We introduce an unsupervised feature learning algorithm that is trained explicitly with k-means for simple cells and a form of agglomerative clustering for complex cells. When trained on a large dataset of YouTube frames, the algorithm automatically discovers semantic concepts, such as faces.
Adam Coates, Andrej Karpathy, Andrew Ng
Locomotion Skills for Simulated Quadrupeds
We develop an integrated set of gaits and skills for a physics-based simulation of a quadruped. The controllers use a representation based on gait graphs, a dual leg frame model, a flexible spine model, and the extensive use of internal virtual forces applied via the Jacobian transpose.
Stelian Coros, Andrej Karpathy, Benjamin Jones, Lionel Reveret, Michiel van de Panne
Object Discovery in 3D scenes via Shape Analysis
Wouldn't it be great if our robots could drive around our environments and autonomously discovered and learned about objects? In this work we introduce a simple object discovery method that takes as input a scene mesh and outputs a ranked set of segments of the mesh that are likely to constitute objects.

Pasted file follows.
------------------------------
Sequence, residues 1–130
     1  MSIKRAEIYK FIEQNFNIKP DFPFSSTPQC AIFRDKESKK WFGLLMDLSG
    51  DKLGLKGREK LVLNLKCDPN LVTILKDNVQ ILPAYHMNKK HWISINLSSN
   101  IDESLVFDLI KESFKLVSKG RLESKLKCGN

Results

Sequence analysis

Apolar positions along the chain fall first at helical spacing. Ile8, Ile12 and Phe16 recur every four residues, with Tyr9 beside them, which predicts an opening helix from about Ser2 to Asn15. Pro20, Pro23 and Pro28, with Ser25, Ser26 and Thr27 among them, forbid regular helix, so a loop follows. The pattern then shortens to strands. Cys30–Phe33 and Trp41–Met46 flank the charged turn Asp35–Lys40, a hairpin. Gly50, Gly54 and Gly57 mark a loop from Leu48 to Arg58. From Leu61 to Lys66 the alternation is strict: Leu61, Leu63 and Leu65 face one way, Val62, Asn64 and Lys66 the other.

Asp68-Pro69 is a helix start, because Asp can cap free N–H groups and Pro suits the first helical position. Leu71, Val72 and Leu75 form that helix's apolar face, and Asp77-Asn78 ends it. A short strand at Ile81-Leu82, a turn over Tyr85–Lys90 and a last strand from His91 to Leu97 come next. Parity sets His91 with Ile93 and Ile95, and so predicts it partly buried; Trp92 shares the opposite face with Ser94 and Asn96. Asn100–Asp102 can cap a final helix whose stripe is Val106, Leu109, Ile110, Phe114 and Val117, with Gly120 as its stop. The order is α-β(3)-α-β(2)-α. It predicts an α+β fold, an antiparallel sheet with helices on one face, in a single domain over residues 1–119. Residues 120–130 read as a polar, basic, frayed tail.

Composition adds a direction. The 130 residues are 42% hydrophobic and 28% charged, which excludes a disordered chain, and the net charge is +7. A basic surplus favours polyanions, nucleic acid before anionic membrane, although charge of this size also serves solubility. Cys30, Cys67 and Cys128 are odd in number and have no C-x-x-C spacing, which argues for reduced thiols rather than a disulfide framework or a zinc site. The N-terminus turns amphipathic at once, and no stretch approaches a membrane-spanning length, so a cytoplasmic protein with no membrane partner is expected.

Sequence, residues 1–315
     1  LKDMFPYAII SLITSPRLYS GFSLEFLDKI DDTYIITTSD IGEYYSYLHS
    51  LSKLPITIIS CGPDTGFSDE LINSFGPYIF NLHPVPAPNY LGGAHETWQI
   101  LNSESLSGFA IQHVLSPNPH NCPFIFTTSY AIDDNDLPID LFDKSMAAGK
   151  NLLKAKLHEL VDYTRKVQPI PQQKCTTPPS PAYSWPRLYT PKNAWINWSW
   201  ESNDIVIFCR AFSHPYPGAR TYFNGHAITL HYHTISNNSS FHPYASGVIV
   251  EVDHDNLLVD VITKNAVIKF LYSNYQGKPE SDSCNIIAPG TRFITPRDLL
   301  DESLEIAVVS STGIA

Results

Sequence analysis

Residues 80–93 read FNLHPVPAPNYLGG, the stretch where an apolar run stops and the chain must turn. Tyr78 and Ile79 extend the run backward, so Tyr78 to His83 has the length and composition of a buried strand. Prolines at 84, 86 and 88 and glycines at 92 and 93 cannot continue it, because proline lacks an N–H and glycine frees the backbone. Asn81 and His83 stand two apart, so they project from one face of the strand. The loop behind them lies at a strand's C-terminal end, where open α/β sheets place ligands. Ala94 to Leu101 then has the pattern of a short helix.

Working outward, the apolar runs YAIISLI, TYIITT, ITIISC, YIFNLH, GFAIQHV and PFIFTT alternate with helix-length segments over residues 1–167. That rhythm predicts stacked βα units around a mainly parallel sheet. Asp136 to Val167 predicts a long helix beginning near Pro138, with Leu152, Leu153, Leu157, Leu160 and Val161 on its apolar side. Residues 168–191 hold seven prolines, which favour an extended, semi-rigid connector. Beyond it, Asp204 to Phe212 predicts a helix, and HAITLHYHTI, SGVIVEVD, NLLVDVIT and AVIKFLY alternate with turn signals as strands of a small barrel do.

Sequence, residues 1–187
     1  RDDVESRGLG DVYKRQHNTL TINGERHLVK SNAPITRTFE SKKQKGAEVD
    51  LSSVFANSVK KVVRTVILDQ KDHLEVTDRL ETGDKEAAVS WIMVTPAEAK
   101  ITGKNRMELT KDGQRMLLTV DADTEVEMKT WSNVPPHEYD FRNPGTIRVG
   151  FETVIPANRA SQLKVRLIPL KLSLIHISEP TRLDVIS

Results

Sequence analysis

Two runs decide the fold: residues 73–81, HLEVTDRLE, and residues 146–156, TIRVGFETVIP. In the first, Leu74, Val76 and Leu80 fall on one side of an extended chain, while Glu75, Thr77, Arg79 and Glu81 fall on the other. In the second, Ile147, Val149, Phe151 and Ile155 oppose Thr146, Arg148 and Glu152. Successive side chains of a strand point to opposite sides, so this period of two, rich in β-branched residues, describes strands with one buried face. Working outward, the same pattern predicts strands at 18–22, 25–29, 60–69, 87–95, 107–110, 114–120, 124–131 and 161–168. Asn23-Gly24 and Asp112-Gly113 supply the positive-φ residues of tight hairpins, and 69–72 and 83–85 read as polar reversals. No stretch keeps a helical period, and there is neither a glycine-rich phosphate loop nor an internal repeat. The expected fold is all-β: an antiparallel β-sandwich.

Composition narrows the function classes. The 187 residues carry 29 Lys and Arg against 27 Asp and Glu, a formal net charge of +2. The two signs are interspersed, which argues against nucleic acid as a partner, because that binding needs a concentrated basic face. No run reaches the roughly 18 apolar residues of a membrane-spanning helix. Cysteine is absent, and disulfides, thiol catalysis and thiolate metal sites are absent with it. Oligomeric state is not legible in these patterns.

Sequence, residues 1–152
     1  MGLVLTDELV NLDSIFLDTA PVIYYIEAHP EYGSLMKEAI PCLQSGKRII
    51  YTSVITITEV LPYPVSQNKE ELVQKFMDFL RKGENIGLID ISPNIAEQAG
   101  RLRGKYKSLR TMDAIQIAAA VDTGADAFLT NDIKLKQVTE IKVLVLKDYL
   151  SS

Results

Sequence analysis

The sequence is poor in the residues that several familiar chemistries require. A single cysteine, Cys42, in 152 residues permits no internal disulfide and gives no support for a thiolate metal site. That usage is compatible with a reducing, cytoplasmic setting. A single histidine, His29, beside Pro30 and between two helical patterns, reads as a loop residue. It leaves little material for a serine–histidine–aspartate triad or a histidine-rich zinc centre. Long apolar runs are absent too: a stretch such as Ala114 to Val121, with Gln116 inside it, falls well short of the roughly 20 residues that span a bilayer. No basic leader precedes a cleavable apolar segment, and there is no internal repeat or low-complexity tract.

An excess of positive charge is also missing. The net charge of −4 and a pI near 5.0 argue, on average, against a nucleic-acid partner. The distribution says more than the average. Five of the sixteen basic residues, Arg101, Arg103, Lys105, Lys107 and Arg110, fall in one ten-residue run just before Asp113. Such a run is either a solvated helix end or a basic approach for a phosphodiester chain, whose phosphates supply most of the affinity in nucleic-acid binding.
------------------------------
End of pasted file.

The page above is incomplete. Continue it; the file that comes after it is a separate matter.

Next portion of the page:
Andrej Karpathy, Stephen Miller, Li Fei-Fei
Curriculum Learning for Motor Skills
My UBC Master's thesis project. My work was on curriculum learning for motor skills. In particular, I was working with a heavily underactuated (single joint) footed acrobot. The acrobot used a devised curriculum to learn a large variety of parameterized motor skill policies, skill connectivites, and also hierarchical skills that depended on previously acquired skills. Almost all of it from scratch. The project was heavily influenced by intuitions about human development and learning (i.e. trial and error learning, the idea of gradually building skill competencies). The ideas in this work were good, but at the time I wasn't savvy enough to formulate them in a mathematically elaborate way. The video is a fun watch!